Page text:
Not only will betta eat shrimp, but shrimp – live, cooked, freeze-dried, or frozen – are considered an integral part of your betta fish’s diet. They are rich in protein, as betta are carnivorous and require a protein-rich diet, as well as fiber to keep your bettas’ digestive tracts healthy.
The rest of this article will tell you everything you need to know about adding shrimp to your betta fish’s diet.
Are Shrimp Good for Betta?
Live, freeze-dried, and frozen shrimp are found in the betta section in most pet stores and are touted as an important component of your betta fish’s diet. Shrimp are full of protein and fiber, which are important for your betta, since they are carnivorous and have delicate digestive tracts. Feeding your betta live shrimp entices your betta fish’s natural hunting instinct.
There is some debate surrounding whether betta should eat cooked shrimp.
Some will argue that cooked shrimp are not a natural betta food source, and even if the pieces are small enough for your betta to eat, it will cause bloating and constipation.
However, it’s okay to give your betta tiny pieces of cooked shrimp from time to time, as long as the shrimp is unseasoned, unfried, and devoid of oil.
What Shrimp is Best for Betta Diet?
This all depends on what form the shrimp is in when you feed it to your betta.
- Live shrimp – an important note: some live foods can be sick with bacteria or parasites, so
- Brine shrimp – brine shrimp are one of the most commonly recommended shrimp for betta diets. Should only be given in strict moderation, as they are very rich and can make your betta sick
- Fairy shrimp – easy to breed and appealing to betta
- Mysis/opossum shrimp – particularly high in fiber and will boost your betta fish’s digestive health. Easy to breed
- Freeze-dried shrimp – the experts at BettaFish.org state that freeze-dried foods be fed sparingly to your betta, as they are often full of fillers and can give your betta digestive issues. Because of this, freeze-dried shrimp is considered lower quality than live or frozen shrimp. However, a major benefit is that freeze-dried shrimp are free of bacteria or parasites.
- Frozen shrimp – contains the same nutrients as live shrimp and have a long shelf life in your freezer. The same risks that apply to live shrimp also apply to frozen; make sure you get your shrimp from reputable sources so you don’t end up poisoning your betta or making them sick.
An important note when considering live or frozen foods for your betta: many live foods, including shrimp, can have parasitic or bacterial infections. Some can also be treated with chemicals, which can poison your betta. Experts recommend breeding live shrimp yourself to cut down on the chances of harming your betta.
How Often Should I Feed Betta Shrimp?
You can include shrimp as an occasional treat or as a regular part of your betta fish’s diet. Just remember that shrimp alone don’t satisfy your betta fish’s dietary needs. They need a varied diet of betta-specific pellets or flakes and different live/freeze dried foods for your betta to remain healthy and active.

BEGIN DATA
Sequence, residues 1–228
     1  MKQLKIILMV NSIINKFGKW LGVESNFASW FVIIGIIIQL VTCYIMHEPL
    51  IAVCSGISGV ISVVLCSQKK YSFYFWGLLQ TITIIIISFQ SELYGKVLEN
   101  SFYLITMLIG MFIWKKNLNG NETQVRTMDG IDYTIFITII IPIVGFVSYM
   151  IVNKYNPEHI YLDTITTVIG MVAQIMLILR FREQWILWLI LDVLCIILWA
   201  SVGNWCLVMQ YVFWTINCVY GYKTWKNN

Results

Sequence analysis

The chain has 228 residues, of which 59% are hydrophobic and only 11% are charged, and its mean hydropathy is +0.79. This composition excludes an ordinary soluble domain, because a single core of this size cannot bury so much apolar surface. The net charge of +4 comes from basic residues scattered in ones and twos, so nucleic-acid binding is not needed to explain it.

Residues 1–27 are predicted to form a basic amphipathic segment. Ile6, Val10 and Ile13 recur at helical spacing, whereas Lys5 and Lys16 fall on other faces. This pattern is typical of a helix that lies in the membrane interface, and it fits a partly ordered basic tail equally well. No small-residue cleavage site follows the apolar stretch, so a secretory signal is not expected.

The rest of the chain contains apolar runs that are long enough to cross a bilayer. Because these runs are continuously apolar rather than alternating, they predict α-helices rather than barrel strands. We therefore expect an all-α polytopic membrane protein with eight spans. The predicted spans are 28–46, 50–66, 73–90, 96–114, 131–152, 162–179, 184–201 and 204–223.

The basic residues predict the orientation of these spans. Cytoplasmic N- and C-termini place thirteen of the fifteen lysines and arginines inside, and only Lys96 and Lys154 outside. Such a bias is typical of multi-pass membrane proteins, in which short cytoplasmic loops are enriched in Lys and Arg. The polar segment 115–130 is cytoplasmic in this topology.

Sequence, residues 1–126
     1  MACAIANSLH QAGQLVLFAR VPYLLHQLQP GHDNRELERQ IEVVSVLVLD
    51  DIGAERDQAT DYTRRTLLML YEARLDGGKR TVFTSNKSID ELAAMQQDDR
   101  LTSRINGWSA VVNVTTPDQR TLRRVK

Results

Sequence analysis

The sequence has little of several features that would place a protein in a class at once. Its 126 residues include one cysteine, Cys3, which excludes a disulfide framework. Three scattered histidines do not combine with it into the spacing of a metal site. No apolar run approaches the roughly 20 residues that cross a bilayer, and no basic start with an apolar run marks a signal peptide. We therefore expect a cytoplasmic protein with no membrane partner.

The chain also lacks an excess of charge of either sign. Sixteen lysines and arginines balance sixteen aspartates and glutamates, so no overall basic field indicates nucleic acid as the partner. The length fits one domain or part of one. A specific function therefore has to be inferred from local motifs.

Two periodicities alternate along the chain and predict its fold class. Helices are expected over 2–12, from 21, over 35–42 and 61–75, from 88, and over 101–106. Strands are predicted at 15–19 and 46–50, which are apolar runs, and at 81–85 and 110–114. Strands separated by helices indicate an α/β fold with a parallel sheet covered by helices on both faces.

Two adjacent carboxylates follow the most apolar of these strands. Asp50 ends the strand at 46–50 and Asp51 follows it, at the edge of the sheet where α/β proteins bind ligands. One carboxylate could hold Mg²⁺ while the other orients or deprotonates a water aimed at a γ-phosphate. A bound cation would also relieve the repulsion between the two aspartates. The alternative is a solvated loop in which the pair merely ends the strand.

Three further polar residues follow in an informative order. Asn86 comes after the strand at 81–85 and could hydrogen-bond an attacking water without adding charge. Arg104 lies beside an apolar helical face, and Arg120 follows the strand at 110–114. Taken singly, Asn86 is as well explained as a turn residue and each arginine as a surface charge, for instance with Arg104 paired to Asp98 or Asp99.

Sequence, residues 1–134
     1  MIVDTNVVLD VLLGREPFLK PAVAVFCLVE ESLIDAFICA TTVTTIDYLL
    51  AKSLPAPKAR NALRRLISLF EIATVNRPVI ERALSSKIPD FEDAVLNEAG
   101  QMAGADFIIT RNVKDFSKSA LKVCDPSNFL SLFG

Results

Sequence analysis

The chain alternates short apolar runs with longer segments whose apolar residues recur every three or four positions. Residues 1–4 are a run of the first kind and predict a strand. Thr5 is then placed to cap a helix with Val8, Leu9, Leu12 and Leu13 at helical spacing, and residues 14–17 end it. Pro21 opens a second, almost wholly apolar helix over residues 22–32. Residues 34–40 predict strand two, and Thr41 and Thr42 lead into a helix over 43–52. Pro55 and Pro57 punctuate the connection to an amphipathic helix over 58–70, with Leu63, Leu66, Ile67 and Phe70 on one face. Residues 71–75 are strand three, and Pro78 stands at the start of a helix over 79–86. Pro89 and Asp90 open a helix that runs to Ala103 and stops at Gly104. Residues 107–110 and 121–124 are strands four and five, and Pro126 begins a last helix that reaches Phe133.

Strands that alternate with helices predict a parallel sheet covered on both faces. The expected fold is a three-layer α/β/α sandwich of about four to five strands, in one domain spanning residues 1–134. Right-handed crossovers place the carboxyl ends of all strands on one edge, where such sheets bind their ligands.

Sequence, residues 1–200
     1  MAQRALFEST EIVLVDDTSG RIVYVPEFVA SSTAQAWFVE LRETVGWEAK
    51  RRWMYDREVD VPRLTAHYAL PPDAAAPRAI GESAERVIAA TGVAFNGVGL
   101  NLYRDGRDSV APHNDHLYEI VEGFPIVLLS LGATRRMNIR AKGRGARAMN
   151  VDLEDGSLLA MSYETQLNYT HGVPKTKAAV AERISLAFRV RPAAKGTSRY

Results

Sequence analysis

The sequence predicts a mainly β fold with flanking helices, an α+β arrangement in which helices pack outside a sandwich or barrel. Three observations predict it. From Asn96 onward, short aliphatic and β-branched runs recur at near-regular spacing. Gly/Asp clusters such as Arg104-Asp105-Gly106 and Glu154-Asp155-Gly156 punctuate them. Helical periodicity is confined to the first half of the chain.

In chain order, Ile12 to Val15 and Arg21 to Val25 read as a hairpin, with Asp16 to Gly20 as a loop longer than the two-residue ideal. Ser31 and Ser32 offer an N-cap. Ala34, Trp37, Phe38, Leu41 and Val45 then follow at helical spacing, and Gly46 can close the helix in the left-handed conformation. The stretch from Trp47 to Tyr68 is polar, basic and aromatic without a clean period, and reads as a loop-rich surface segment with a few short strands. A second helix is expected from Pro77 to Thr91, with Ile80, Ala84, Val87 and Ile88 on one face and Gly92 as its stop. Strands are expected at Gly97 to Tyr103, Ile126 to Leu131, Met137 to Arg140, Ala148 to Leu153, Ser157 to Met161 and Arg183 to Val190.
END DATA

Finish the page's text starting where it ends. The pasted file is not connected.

If you have chosen to add shrimp as a regular part of your betta fish’s diet, it’s generally recommended to feed your betta fish 2 – 3 pieces of live, frozen, or freeze-dried shrimp 1 – 2 times daily.
Keep in mind that some shrimp are larger than others. The following table lists the different kinds of shrimp and how much to feed your betta:
|Type of Shrimp||How Much per Feeding||How Often|
|Brine shrimp||1 cube (frozen)||2 – 3 times weekly (max)|
|Fairy shrimp||2 – 3 shrimp||1 – 2 times daily|
|Mysis/Opossum shrimp||1 – 2 shrimp||Daily|
Can I Keep Live Shrimp in Betta Tank as Food?
If you plan on breeding shrimp (fairy, Mysis, or brine) for your betta fish’s food source, it’s best to keep them in a separate breeding tank so you don’t risk overfeeding your betta.
Since your betta are semi-aggressive in nature, they may recognize the shrimp sharing their tank as food and will eat them between feedings. Overfeeding can cause a number of health issues in your betta, such as constipation and bloating.
Another thing to keep in mind if considering your betta sharing a tank with their food source is that your betta might attack the shrimp even when they aren’t hungry, which leads to a lot of dead and partially eaten shrimp in your tank. This can lead to a clogged filter, a dirty tank, and an unhappy, unhealthy betta.
Will Betta and Pet Shrimp Co-Exist in Tank?
Given the semi-aggressive nature of betta fish, it can be difficult to find a tank mate with which your betta will co-exist peacefully. It also comes down to the temperament of your individual betta.
In most cases, shrimp and betta can share a tank and get along well together. Not only does it depend on your betta fish’s temperament, but also the kind of shrimp, as some shrimp (such as fairy, mysis, and brine shrimp) are commonly used as betta food.
An important thing to keep in mind is that you need to make the tank comfortable for both your betta and your shrimp. This includes:
- Minimum 10-gallon tank – the extra space gives your betta, in particular, plenty of room so he/she won’t attack your shrimp
- Hiding places – coral, rocks, plants, for both shrimp and betta
- Plants – an excellent food source for your shrimp
The following lists the best shrimp for adding to your betta fish’s tank. Each of these shrimp thrive in the same tank conditions (pH, temperature, etc.).
- Ghost shrimp – easy to take care of, thrive in similar tank conditions, and they typically grow more than 1 inch in length (too big for betta to eat)
- Cherry shrimp – experts recommend buying females (males are much smaller, and betta may see them as food). Females also have that bright red color their name suggests
- Amano shrimp – biggest shrimp on the list, with an average size of 2 – 3 inches.